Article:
UAB Medicine

Interstitial Lung Disease and Pulmonary Fibrosis - Overview

A cough that won’t go away and shortness of breath may be the first indication of Interstitial Lung Disease (ILD), which makes up about 150 chronic lung disorders. All of the disorders under this classification result in inflammation and fibrosis (scarring) in the space between the lungs’ air sacs (the interstitium). The most common type is Idiopathic Pulmonary Fibrosis (IPF), which causes scarring and loss of lung function. People diagnosed with IPF have only a 50% survival rate after three years following diagnosis.

Patients often experience a persistent, dry cough associated with gradual decrease in the ability to breathe, so much so that it becomes harder to perform regular daily activities.

Conditions Treated and Services Performed
ILD is a generic term that could account for more than 150 diseases. Some of them are:
  • Acute interstitial pneumonia
  • Alveolar proteinosis
  • Asbestosis
  • Berylliosis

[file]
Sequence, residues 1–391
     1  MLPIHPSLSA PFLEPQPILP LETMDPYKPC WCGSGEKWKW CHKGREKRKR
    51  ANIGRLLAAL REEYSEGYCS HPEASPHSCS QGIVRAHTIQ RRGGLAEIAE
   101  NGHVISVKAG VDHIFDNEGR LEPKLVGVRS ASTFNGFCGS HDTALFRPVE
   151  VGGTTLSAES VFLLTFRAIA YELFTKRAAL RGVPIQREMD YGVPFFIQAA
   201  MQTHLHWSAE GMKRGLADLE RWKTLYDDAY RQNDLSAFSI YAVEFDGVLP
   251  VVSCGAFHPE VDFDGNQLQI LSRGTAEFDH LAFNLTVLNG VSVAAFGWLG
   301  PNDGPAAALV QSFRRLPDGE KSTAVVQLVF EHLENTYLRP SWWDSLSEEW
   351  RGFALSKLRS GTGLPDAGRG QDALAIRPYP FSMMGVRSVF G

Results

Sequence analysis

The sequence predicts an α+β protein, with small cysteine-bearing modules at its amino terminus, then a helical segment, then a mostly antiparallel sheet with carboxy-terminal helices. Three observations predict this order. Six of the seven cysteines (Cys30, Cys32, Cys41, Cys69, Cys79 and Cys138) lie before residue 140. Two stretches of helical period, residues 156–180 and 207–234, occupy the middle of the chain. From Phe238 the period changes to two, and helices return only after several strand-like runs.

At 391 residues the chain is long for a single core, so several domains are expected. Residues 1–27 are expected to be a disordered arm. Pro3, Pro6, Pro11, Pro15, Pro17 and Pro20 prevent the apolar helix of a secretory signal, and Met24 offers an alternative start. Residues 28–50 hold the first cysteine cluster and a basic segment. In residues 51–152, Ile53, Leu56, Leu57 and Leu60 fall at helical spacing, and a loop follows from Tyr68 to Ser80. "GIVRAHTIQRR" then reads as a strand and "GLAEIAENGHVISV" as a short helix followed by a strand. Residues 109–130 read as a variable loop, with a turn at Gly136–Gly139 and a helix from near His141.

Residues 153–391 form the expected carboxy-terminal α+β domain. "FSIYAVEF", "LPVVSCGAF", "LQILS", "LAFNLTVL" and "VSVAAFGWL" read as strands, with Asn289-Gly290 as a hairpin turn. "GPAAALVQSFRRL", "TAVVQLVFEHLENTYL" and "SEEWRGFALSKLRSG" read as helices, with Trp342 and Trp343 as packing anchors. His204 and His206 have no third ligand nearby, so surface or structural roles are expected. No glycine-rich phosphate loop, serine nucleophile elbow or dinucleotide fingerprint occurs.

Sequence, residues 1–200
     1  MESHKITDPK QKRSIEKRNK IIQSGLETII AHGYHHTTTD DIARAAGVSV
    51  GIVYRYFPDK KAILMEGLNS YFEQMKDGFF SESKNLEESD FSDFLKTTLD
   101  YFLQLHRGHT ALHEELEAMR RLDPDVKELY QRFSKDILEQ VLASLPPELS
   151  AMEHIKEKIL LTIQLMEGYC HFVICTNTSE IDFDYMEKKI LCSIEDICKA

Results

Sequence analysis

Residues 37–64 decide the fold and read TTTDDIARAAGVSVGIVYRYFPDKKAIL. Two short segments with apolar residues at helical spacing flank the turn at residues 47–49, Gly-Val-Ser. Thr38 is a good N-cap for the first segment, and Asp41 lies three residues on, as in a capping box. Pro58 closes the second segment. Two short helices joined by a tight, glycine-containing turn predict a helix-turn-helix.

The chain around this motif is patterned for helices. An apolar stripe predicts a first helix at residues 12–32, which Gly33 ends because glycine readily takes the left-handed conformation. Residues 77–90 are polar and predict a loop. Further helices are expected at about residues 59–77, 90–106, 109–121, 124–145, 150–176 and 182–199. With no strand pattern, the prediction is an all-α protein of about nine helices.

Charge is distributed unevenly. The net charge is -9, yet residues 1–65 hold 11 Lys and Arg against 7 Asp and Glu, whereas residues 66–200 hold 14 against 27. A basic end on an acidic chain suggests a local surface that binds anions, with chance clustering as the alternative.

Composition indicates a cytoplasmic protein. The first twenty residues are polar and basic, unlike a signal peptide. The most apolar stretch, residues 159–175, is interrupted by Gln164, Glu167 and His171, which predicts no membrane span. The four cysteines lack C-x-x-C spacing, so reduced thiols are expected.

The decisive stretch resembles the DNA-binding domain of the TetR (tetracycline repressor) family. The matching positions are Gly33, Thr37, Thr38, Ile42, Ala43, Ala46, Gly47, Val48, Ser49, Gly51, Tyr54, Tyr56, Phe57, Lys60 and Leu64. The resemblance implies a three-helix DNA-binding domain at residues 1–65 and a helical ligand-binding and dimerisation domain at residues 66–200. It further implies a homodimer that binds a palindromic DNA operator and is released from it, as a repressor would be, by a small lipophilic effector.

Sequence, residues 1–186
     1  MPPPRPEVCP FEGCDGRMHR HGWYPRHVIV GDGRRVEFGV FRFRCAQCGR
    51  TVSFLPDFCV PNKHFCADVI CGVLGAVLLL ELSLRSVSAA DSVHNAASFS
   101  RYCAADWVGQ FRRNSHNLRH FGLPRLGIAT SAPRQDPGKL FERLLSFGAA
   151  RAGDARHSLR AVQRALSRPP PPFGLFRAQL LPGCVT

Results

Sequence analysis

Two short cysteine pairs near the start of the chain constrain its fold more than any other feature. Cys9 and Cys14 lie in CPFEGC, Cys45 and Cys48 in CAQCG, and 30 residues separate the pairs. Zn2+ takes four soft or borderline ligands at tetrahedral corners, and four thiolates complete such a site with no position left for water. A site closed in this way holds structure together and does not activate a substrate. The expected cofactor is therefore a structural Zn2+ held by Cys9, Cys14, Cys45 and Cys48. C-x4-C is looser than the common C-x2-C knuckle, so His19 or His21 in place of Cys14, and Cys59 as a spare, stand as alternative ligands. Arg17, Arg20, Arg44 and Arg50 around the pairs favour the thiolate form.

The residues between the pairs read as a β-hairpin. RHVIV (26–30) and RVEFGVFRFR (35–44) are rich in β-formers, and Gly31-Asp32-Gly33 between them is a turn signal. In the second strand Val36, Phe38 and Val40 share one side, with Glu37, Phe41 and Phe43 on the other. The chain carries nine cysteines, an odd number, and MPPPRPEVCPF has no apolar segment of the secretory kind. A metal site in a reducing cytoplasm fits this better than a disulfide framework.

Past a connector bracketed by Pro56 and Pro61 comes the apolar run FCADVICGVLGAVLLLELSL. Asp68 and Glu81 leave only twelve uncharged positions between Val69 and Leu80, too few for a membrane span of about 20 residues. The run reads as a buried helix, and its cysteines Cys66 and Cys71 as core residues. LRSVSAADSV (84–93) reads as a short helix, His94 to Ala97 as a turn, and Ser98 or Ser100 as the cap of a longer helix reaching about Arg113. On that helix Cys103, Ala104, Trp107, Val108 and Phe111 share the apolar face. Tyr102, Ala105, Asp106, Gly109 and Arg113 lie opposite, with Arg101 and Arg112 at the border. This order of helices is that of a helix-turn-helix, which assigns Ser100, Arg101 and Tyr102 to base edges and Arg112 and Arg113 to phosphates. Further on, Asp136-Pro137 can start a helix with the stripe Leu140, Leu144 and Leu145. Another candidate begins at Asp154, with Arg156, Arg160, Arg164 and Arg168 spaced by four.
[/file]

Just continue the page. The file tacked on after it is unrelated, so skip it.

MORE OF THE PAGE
• Coal worker's pneumoconiosis (black lung disease)
  • Connective tissue disease-associated interstitial lung disease
  • Desquamative Interstitial Pneumonia (DIP)
  • Farmer’s lung
  • Hamman-Rich syndrome
  • Hard-metal pneumoconiosis
  • Honeycomb lung
  • Hypersensitivity Pneumonitis (HSP)
  • Idiopathic Pulmonary Fibrosis
  • Interstitial lung disease
  • Systemic lupus erythematosus (Lupus lung)
  • Lymphocytic Interstitial Pneumonia (LIP)
  • Mixed connective tissue disease
  • Nonspecific Interstitial Pneumonia (NSIP)
  • Pigeon breeder’s disease
  • Pneumoconiosis
  • Polymyositis, dermatomyositis
  • Pulmonary alveolar microlithiasis
  • Pulmonary phospholipoproteinosis
  • Pulmonary eosinophilic granuloma (EG), histiocytosis X (HX), or Langerhans cell        granulomatosis
  • Pulmonary fibrosis
  • Respiratory bronchiolitis
  • Respiratory Bronchiolitis-associated Interstitial Lung Disease (RB-ILD)
  • Rheumatoid lung
  • Sarcoidosis
  • Scleroderma lung
  • Shortness of breath
  • Silicosis
  • Smoker’s bronchiolitis
  • Usual Interstitial Pneumonia (UIP) 
Many ILDs are chronic conditions without a cure. However, UAB can offer many treatments to improve a patient’s quality of life, such as oxygen and pulmonary rehabilitation. Lung transplantation may be an option for some patients suffering from these disorders and is the only treatment shown to actually increase survival of patients with Idiopathic Pulmonary Fibrosis.
  • Cardio Pulmonary Exercise Testing (CPET)
  • Chest x-ray
  • High-Resolution CT of the Chest
  • Bronchoscopy  
  • Surgical Lung Biopsy/Video-Assisted Thoracoscopic lung biopsy